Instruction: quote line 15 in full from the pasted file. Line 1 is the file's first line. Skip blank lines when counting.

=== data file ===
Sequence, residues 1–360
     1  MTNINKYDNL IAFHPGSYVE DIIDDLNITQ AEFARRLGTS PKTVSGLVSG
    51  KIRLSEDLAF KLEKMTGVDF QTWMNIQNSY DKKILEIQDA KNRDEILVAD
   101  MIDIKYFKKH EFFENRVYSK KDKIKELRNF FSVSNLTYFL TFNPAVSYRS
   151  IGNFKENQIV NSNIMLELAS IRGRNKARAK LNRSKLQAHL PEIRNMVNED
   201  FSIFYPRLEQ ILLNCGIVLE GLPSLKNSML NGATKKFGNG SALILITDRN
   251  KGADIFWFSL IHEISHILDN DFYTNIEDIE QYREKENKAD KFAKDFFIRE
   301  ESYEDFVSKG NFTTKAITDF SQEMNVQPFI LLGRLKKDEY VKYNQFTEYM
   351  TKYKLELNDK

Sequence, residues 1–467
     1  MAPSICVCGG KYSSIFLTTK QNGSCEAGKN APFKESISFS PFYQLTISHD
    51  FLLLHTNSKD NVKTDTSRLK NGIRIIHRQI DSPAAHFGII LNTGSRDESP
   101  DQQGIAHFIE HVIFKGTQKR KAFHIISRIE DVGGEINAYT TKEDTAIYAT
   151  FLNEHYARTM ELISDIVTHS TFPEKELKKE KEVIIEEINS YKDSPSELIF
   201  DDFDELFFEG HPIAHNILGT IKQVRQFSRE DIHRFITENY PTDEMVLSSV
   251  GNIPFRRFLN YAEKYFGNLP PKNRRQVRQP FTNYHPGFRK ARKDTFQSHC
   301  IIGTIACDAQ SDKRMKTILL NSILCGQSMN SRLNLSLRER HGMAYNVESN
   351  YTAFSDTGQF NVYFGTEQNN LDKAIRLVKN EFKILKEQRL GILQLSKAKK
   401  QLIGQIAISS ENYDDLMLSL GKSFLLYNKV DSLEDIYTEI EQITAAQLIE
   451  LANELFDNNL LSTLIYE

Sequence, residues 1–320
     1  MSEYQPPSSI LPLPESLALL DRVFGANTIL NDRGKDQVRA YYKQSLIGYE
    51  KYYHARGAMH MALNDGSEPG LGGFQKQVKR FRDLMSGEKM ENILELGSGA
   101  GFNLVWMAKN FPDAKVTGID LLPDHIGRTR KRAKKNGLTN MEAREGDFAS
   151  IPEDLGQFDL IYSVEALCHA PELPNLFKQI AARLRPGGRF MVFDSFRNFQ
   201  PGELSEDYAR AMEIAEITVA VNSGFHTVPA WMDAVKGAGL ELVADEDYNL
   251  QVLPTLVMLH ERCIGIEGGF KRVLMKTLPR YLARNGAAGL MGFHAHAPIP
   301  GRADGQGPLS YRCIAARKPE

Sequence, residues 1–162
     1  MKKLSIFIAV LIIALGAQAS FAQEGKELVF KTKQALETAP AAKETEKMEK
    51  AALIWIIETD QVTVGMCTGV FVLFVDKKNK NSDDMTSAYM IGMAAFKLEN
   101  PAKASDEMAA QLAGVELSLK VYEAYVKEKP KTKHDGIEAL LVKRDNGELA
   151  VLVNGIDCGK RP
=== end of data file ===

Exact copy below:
   201  DDFDELFFEG HPIAHNILGT IKQVRQFSRE DIHRFITENY PTDEMVLSSV